FC: The 50 percent post-harvest losses in food in the low developed world not only means less food available for consumption (food insecurity), but less income for the farmers (poverty), which also discourages production.
Fruiti-Cycle’s role in eliminating or significantly reducing post-harvest losses will mean more food available for consumption and more production in the future, hence increasing global food security.
FC: It was an exhilarating moment for me, personally. Besides meeting other teams from different parts of the globe who were very supportive, I learned so much about entrepreneurship, right from the TFF Startup Bootcamp to the day we pitched in front of the Summit audience, which was electrifying.
The experience gave me and the rest of the team more confidence in the project and we could clearly see the future prospects of Fruiti-Cycle. The idea of creating a social enterprise with the potential to contribute significantly to food security and wealth creation became our drive, and since then we have won 6 awards, incorporated our startup, did a market research survey, and talked to potential users in three regions of Uganda. Our plans are to scale the use of our innovation across Uganda and East Africa in 2018.
FC: Yes, 2016 has been a rewarding year for Fruiti-Cycle. Personally, I was able to meet Tony Elumelu, the Nigerian billionaire who has put aside $100 million to support 10,000 African entrepreneurs in the next 10 years. I also met the president of Uganda, Yoweri Museveni, for the first time and was selected as one of the 100 brightest young minds across Africa for the Brightest Young Minds Summit in Johannesburg, South Africa. I was also selected as one of 250 global young leaders for the first ever UNCTAD (United Nations Conference on Trade and Development) youth forum. All these achievements, one way or the other, happened because of the Fruiti-Cycle project.
The most rewarding aspect has been exposure, personal growth, and humility. These internal rewards have greatly impacted Fruiti-Cycle – how I carry the startup’s vision as the team leader, and how we support each other as a team. The aim is always to uplift the vision of fighting poverty and food insecurity through eliminating post-harvest losses in food.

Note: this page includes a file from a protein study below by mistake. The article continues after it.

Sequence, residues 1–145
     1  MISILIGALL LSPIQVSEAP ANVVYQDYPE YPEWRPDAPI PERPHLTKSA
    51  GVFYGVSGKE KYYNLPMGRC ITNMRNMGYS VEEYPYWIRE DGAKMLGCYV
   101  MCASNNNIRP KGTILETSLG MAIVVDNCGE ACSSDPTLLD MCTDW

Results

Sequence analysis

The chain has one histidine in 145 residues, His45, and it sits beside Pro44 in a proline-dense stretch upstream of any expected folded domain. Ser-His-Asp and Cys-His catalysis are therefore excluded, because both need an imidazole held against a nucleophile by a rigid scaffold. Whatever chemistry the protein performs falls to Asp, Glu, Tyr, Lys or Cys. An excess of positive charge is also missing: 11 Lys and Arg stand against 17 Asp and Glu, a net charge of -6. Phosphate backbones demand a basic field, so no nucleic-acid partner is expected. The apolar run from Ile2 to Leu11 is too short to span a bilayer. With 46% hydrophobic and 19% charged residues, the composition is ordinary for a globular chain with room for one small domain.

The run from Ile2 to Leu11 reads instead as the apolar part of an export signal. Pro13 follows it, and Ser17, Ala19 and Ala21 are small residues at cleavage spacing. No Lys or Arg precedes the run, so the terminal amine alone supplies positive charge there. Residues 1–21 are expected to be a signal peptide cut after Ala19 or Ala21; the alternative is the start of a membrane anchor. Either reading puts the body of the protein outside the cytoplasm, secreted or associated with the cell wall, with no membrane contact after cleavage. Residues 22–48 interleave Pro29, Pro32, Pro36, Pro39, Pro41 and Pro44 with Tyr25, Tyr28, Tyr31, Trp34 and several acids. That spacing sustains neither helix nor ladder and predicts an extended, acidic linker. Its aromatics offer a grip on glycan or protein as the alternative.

FC: Food is one of the main reasons we all still exist in this world. Without it, we cannot survive. Almost one billion people go hungry every day across the globe, and it will be worse if we don’t do anything about it. My advice to entrepreneurs interested in developing food security solutions is to START! Your idea doesn’t have to be absolute, whether you have the funding or not, whether you have the best team or not, START! Along the way, you will be so amazed by how many people out there are willing to help you at no or low cost, and so many organizations who are willing to fund your project without taking any bit in return.
The Thought For Food Global Summit will be taking place May 26-27, 2017 in Amsterdam. Hear from leading innovators and inspiring thought leaders from a variety of fields. Experience firsthand the creative power and impact of the next generation. Watch breakthrough startup pitches from the 2017 TFF Challenge Finalists as they compete for the Grand Prize!